Talk:houer

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houer[edit]

rfd-sense: obsolete spelling of hover. I'd call this a typographical variant where u and v are visually the same. Note we make this distinction in Wiktionary:About Latin, where v is use for /w/ and u is used for /u/. Mglovesfun (talk) 10:56, 29 September 2010 (UTC)

The u and v aren't visually the same; the v is used initially and the u elsewhere. In any case, this is true for all words with u and v, and the spelling can be predicted from the modern spelling, so keeping them around is unnecessary.--Prosfilaes 12:13, 30 September 2010 (UTC)
Correct, basically. Doesn't just apply to English either. Mglovesfun (talk) 12:34, 30 September 2010 (UTC)
  • I have mixed feelings about these...it was a typographical variant at the time, but now they are seen as different letters, which makes it awkward. I mean, they're prima facie easily attestable. It's worth noting also that the OED has, since it began updates for the new edition a few years ago, starting regarding these as separate spelling forms and listing them accordingly under the "Spellings" header of its entries. Ƿidsiþ 12:41, 30 September 2010 (UTC)
  • Another way to think about it is, "will someone want to look it up?" I'd say the answer's yes. Consider the fact that some forms looked very different from how they look now. One I enetred recently was yuie. Took me quite a few seconds to work that one out when I came across it in a book, and it seems like something Wiktionary can help with. Ƿidsiþ 12:45, 30 September 2010 (UTC)
    • Seems quite similar to the long s debate to me. Basically for the reasons that both of you have outlined. Mglovesfun (talk) 13:16, 30 September 2010 (UTC)
      • No, it's different exactly because of what I said above. S and long-s are not now considered to be different letters; U and V are. Ƿidsiþ 17:24, 30 September 2010 (UTC)
    • One of my concerns is that 8% of the words in /usr/share/dict/words need alternate forms because of this. Shakespeare used some 32,000 words in his works, and it's estimated he knew around 67,000. Are we ever going to achieve something that would require adding 2,500 words for Shakesepare's corpus alone, assuming all early texts of Shakespeare spelled the words consistently? That's not even starting on the fact this extends to all medieval European languages. Wouldn't it be better to offer a search extension or script that took a word and offered all variants of the u/v with pages?--Prosfilaes 18:31, 30 September 2010 (UTC)
      You're right of course, but that doesn't seem a good reason to delete it. There are lots of aims we'll never practically achieve but we try anyway. My solution in these cases is that I consider it not very useful to add these words (unless I find them particularly awkward, like the example above), but nor would I want to delete them if someone else adds them. Ƿidsiþ 07:36, 1 October 2010 (UTC)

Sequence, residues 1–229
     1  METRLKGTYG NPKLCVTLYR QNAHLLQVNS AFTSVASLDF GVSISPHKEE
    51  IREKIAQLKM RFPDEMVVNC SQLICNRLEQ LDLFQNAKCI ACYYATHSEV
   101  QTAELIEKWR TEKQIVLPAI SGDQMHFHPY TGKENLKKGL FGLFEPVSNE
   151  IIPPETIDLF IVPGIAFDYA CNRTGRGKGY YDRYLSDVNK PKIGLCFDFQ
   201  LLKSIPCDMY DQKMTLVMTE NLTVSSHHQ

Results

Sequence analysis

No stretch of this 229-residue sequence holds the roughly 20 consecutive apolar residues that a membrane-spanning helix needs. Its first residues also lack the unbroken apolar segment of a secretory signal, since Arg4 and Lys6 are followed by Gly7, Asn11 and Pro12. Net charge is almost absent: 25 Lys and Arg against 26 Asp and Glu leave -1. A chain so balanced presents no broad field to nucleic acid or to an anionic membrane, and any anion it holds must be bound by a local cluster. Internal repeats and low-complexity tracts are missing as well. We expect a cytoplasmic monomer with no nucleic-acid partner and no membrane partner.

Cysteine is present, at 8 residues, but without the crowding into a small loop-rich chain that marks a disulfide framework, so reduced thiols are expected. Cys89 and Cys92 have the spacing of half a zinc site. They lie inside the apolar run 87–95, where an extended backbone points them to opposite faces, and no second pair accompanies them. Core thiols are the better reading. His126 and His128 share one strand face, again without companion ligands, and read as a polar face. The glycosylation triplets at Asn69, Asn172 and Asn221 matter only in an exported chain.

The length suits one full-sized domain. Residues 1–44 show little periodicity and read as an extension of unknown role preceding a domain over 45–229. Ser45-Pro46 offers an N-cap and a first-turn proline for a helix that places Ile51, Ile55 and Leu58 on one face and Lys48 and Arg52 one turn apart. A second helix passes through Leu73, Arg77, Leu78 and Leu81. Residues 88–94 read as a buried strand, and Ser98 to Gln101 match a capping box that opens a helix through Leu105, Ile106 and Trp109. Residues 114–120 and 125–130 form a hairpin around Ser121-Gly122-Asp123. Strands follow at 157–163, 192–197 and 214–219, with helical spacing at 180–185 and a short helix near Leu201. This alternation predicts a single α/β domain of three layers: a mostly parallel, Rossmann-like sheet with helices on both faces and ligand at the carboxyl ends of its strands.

Any aim we'll never achieve in a practical manner is pointless. And pursuing one way discourages others; we could set up that search extension or script and file things like [[yuie]] under yvie, which would achieve a much higher rate of figuring out words with old-school u/v.--Prosfilaes 23:51, 1 October 2010 (UTC)
wiues (obsolete wives) should be treated the same as this. Equinox 16:21, 6 October 2010 (UTC)
Tagged (by coincidence actually, I only came here to post that I'd tagged it and found your comment). Mglovesfun (talk) 16:45, 29 November 2010 (UTC)
...and I should note that Shakespeare's play is officially titled The Tragedie of Romeo and Ivliet on the title page of that play in the First Folio edition. So we'll need an entry for Ivliet since people will want to look it up, right? Note also that this is not the only weird variant of that name in the First Folio. --EncycloPetey 00:29, 18 October 2010 (UTC)
If they meet CFI, then yes, we will. Ƿidsiþ 08:52, 22 October 2010 (UTC)
I still maintain the difference is typographical norms, not spelling. So I still prefer the delete. Mglovesfun (talk) 16:45, 29 November 2010 (UTC)

deleted. Oh c'mon, what's next, including spellings with ɑ rather than a? This is nothing more than a font difference, not a spelling one. -- Prince Kassad 18:53, 3 February 2011 (UTC)

It's certainly not a font difference, given that I've never seen a font that can change starting u's to v's and middle v's to u's. No do I agree that a person who used this spelling would accept hover as the real underlying spelling.--Prosfilaes 19:12, 3 February 2011 (UTC)
I could make you such a font in no time if you wanted, it's really easy. -- Prince Kassad 19:28, 3 February 2011 (UTC)
And you could make me a font that changes color to colour, -ize spellings to -ise, etc., using the right advanced font technology. But that doesn't make them font differences.--Prosfilaes 20:52, 3 February 2011 (UTC)

Keep per Widsith (12:45, 30 September 2010 (UTC)).​—msh210 (talk) 19:39, 3 February 2011 (UTC)

Restore this page for consistency[edit]

WT:BP#U, V (March 2012 archive when archived) was favorable to include spellings such as these. Mglovesfun (talk) 12:26, 7 April 2012 (UTC)